- Recommendation of sanctions in a consistent manner based on the severity of violation and this Standard, to assist the University in applying sanctions consistently across schools, departments, and Constituent types.
Constituent Oversight Authorities: Responsibility for receiving and acting on reports under this Standard from the Chief Privacy Officer. Application of University procedures related to the discipline of faculty, staff, students, or other Constituents in a consistent and appropriate manner. Authorities should follow sanctions guidance recommended by the Chief Privacy Officer as a method of providing predictability, consistency, and fairness across the University in the application of sanctions to Constituents.
UNC-Chapel Hill will not apply sanctions against University Constituents (or recommend sanctions against other individuals) in connection with good faith disclosures of unlawful conduct or reporting to law enforcement as victim of a crime, as long as such disclosures meet the requirements of 45 CFR section 164.502(j).
Disclosures by Whistleblowers
If the Chief Privacy Officer determines that:
- The individual believes in good faith that the University has engaged in conduct that is unlawful or otherwise violates professional or clinical standards, or that the care, services, or conditions provided by UNC potentially endangers one or more patients, workers, or the public; and
The disclosure is to:
- A health oversight agency or public health authority authorized by law to investigate or otherwise oversee the relevant conduct or conditions of the University or to an appropriate health care accreditation organization for the purpose of reporting the allegation of failure to meet professional standards or misconduct; or an attorney retained by or on behalf of the individual for the purpose of determining the legal options of the individual.
Then the Chief Privacy Officer shall make an appropriate exception to the sanctions that would otherwise be recommended.
Disclosures by Constituents who are Victims of a Crime
If the Chief Privacy Officer determines that:
The PHI disclosed is about the suspected perpetrator of the criminal act; and
The PHI disclosed is limited to the purpose of identifying or locating a suspected perpetrator and includes only:
- Name and address;
- Date and place of birth;
- Social security number;
- ABO blood type and rh factor;
- Type of injury;
- Date and time of treatment;
- Date and time of death, if applicable; and
- A description of distinguishing physical characteristics, including height, weight, gender, race, hair and eye color, presence or absence of facial hair (beard or moustache), scars, and tattoos.
Then the Chief Privacy Officer shall make an appropriate exception to the sanctions that would otherwise be recommended.
University Constituent: UNC-Chapel Hill faculty, staff, students, retirees, contractors, distance learners, visiting scholars and others who require UNC-Chapel Hill resources to work in conjunction with UNC-Chapel Hill.
Disclosure: Disclosure means the release, transfer, provision of access to, or divulging in any manner of PHI to individuals outside of appropriate University offices who do not have a lawful right to receive that information.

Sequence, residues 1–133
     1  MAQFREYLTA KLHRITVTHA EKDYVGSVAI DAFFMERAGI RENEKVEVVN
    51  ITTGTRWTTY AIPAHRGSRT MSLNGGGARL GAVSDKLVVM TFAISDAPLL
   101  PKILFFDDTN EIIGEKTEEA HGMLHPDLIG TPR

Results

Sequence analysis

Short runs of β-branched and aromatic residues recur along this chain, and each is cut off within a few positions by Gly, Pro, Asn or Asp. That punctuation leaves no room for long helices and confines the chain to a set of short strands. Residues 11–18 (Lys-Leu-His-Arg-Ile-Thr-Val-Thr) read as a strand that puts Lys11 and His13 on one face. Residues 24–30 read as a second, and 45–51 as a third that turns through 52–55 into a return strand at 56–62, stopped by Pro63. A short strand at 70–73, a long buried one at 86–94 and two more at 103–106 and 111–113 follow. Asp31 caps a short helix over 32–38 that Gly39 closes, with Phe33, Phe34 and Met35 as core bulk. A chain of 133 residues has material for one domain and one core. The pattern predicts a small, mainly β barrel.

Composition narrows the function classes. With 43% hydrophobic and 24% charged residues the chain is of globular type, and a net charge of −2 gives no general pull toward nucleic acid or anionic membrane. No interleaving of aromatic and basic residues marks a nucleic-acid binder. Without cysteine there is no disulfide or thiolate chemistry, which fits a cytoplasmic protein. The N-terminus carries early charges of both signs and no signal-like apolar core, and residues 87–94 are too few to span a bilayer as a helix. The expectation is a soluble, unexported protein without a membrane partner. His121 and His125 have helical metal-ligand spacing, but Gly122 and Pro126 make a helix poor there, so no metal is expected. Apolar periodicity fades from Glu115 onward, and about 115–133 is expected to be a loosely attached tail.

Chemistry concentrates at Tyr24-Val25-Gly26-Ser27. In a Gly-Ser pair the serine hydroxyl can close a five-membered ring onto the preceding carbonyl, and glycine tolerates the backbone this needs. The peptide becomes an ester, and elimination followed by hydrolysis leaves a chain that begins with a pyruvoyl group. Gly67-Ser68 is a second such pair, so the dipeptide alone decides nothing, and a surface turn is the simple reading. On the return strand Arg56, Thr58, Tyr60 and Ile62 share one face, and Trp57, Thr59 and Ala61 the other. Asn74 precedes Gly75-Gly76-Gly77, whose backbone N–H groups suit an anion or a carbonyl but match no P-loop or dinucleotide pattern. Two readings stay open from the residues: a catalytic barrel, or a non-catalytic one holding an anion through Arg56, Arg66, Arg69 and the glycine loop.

Protected Health Information: Individually identifiable information that is a subset of health information, including demographic information collected from an individual, and:
(1) is created or received by a health care provider, health plan, employer, or health care clearinghouse; and
(2) relates to the past, present, or future physical or mental health or condition of a subject; the provision of health care to a subject; or the past, present, or future payment for the provision of health care to a subject; and
- That identifies the subject; or
- With respect to which there is reasonable basis to believe the information can be used to identify the individual.
PHI can be:
- Transmitted by electronic media;
- Maintained in electronic media; or
- Transmitted or maintained in any other form or medium.
PHI excludes individually identifiable information that is:
- In education records covered by the Family Educational Rights and Privacy Act, as amended, 20. U.S.C. 1232g;
- In records described at 20 U.S.C. 1232g(a)(4)(B)(iv);
- In employment records held by a covered entity in its role as employer; and
- Regarding a person who has been deceased for more than 50 years.
Use: Use means the access, exposure, release, transfer, provision of access to, or divulging in any manner of PHI.
EXTERNAL REGULATIONS AND CONSEQUENCES
“Modification to the HIPAA Privacy, Security, Enforcement and Breach Notification Rules Under the Health Information Technology for Economic and Clinical Health Act and the Genetic Information Nondiscrimination Act; Other Modifications to the HIPAA Rules; Final Rule,” 78 Federal Register 17 (25 January 2013), pp. 5566-5702.
UNIVERSITY POLICIES, STANDARDS, AND PROCEDURES
|Policy||ITS Policy Office||919-962-HELP||Its_policy@unc.edu|
Institutional Privacy Office: email@example.com, privacy.unc.edu, 919-962-HELP
- Effective Date and title of Approver: September 6, 2017, Chief Privacy Officer
- Revision and Review Dates, Change notes, title of Reviewer or Approver: N/A
Micki Jernigan Date: September 6, 2017
Chief Privacy Officer